In 1946, Stranger Than Truth, a novel, and The Murder in the Stork Club, a novella, were published. She and Igee were reunited in May 1946, and they married on October 5, 1949. Vera was just shy of fifty years old, and it almost goes without saying that the couple didn’t have children.

The late 1940s saw the release of A Letter to Three Wives, a film considered a classic.

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A girl named Vera can never tell a lie

A Girl Named Vera Can Never Tell a Lie on Amazon (US)*
and Amazon (UK)*
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The 1950s and Later Life

In 1951, Vera was questioned by MGM about her communist ties. Fearing that she’d be blacklisted, she fled to Europe with Igee, where they lived happily in a fairytale castle in Austria; Vera wrote contentedly in a tower room, including a draft of Wedding in Paris, her only musical comedy for the stage.

1953 saw the release of the film Blue Gardenia, directed by Fritz Lang, based on Vera’s story, “The Gardenia.” It has stood the test of time as a classic of the era.

Vera was placed on the “gray list” (which was somewhat less dire than the dreaded blacklist), and she and Igee did not return to Hollywood permanently until 1956.

In 1957, Vera wrote the screenplay for Les Girls. The film starred Gene Kelly, and Vera remembered the production as one of her most enjoyable experiences. In the late 1950s and early 1960s, she published several novels, including The Husband, Evvie, and Bachelor in Paradise.

Sadly, Igee was diagnosed with lung cancer in the early 1960s. Between surgeries and other treatments, he and Vera traveled to Greece, Las Vegas, and many of the places they’d meant to visit. Igee passed away in Vermont in 1964. After his death, Vera returned to live in New York. 

From 1964 through 1979, Vera published eight books. The Secrets of Grown-Ups, her memoir, was published in 1979. After suffering a stroke, Vera passed away in New York in June 1987.

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Bedelia New Book Cover

Vera Caspary page on Amazon*
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The legacy  of Vera Caspary

As Vera wrote in her memoir, “In another generation, perhaps the next, equality will be taken for granted. Those who come after us may find it easier to assert independence, but will miss the grand adventure of having been born a woman in this century of change.”

In recent times, Caspary’s works have been republished, albeit a fraction of her output, by the Feminist Press and the Murder Room. Francis Booth writes, “In her thrillers and murder mysteries, Caspary tackled sexism, racism, fascism and anti-Semitism head-on, from her first novel in 1929 to her last in 1975.”

Through her unconventional life and the independence of her characters, Vera Caspary redefined “the grand adventure” of living as a modern woman. She inspired women to live life on their terms, and she continues to inspire women to make bold choices to this day.

 

A few quotes

“This has been the century of the woman, and I know myself to have been a part of the revolution.” (from The Secrets of Grown-Ups)

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“She is carved from Adam’s rib, indestructible as legend, and no man will ever aim his malice with sufficient accuracy to destroy her.” (from Laura)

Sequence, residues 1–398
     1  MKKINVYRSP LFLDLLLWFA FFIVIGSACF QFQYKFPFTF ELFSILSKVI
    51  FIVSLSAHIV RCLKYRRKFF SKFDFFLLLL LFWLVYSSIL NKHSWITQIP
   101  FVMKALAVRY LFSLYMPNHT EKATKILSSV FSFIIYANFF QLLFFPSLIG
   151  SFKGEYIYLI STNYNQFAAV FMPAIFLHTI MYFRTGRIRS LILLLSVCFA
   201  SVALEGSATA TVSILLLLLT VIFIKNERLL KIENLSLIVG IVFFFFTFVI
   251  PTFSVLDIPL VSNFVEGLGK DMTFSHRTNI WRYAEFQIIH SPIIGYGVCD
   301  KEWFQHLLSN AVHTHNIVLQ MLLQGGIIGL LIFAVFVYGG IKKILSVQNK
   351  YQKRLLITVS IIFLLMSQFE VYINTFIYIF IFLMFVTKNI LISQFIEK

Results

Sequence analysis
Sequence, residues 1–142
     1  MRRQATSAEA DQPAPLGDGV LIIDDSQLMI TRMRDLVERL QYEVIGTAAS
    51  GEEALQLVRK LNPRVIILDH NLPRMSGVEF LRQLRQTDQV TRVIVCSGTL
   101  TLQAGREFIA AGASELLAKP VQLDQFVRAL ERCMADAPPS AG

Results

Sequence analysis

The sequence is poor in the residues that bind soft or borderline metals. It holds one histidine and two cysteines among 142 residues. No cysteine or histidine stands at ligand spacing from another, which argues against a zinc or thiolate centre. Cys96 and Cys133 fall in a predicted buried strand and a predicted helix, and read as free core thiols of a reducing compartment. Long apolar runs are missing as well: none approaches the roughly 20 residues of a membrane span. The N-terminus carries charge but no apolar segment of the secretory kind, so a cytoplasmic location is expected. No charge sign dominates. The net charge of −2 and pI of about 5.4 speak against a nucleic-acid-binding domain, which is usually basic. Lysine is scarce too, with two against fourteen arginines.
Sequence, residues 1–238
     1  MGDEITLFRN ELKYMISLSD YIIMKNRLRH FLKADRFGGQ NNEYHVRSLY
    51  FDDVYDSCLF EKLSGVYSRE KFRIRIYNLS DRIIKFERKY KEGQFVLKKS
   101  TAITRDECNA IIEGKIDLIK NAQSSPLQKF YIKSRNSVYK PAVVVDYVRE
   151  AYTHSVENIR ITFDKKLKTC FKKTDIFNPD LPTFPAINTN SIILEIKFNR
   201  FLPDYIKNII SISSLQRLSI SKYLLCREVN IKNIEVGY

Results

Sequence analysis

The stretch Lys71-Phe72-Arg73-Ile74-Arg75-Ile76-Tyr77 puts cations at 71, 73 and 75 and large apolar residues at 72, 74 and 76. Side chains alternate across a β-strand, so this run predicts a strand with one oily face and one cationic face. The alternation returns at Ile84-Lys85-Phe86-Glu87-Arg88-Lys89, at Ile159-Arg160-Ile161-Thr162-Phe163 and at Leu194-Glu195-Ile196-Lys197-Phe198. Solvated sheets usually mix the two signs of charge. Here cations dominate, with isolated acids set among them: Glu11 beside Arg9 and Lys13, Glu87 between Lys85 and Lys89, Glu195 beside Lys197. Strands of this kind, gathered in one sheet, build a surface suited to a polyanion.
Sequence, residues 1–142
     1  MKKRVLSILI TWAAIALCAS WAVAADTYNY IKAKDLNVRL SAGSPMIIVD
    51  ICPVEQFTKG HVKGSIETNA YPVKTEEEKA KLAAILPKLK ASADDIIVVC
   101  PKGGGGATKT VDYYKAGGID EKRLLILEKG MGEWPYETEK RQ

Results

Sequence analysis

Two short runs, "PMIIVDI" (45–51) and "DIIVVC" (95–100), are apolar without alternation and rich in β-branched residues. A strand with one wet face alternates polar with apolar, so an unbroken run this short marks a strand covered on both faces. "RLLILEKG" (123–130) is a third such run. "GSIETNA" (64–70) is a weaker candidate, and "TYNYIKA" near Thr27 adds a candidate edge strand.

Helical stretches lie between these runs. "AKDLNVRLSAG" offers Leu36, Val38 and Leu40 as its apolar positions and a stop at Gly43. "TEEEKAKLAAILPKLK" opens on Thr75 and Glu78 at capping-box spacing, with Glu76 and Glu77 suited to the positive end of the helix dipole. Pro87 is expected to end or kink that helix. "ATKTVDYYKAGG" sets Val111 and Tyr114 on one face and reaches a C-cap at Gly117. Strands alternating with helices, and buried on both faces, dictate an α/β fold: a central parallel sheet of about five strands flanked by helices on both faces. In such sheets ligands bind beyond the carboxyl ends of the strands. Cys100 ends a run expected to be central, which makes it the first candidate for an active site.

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“All my tales, whether gaily caparisoned with wealth or morbid in poverty, whether celebrating health or pain (for there are sanatoria and cemeteries as well as ballrooms), tell of man’s reliance upon woman, his need, blindness, and final recognition. In its many beginnings, mutations, and styles of narration, my story always concerns man’s search for the sympathy and satisfaction that only the heroine can bestow.” (from Evvie)

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“In its many beginnings, mutations and styles of narration, my story always concerns man’s search for the sympathy and satisfaction that only the heroine can bestow.” (from Evvie)

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“I am a chosen sparrow. And even one small bird can keep the guilty from peaceful slumber through the haunted nights.” (from A Chosen Sparrow)

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“The real villain of the tale is Cinderella, with her absurd persistence in maintaining the legend that unless we are richly kept, we are failures as women.” (from Thelma)


More about Vera Caspary

Novels and short stories

Follow this link for Vera Caspary’s full bibliography.

Memoir

  • The Secrets of Grown-Ups (1979)

Filmography

  • 1931  Working Girls (from the play Blind Mice)
  • 1932  The Night of June 13 (from the unpublished story “Suburb”)
  • 1934  Private Scandal (from the unpublished story “In Conference”)
  • 1934  Such Women Are Dangerous (from the unpublished story “Odd Thursday”)
  • 1935  I’ll Love You Always (screenplay)
  • 1937  Easy Living (based on her story)
  • 1938  Scandal Street (from the unpublished story “Suburb”)
  • 1938  Service de Luxe (based on her story)
  • 1940  Sing, Dance, Plenty Hot (based on her story)
  • 1941  Lady from Louisiana (screenplay)
  • 1943  Lady Bodyguard (based on her story)
  • 1944  Laura (from her novel)
  • 1946  Claudia and David (adaptation)
  • 1946  Bedelia (screenplay from her novel)
  • 1947  Out of the Blue (screenplay from her novel)
  • 1949  A Letter to Three Wives (adaptation)
  • 1950  Three Husbands (screenplay from her story)
  • 1951  I Can Get It for You Wholesale (adaptation)
  • 1953  The Blue Gardenia (from her story “The Gardenia”)
  • 1953  Give a Girl a Break (from her story)
  • 1955  A Portrait of Murder (20th Century-Fox Hour TV hour episode from her novel Laura)
  • 1957  Les Girls (from her story)
  • 1961  Bachelor in Paradise (from her novel)
  • 1962  Laura (TV Movie from her novel)
  • 1968  Laura (TV Movie from her novel)
  • 1985  A Letter to Three Wives (TV Movie adaptation)

More information and sources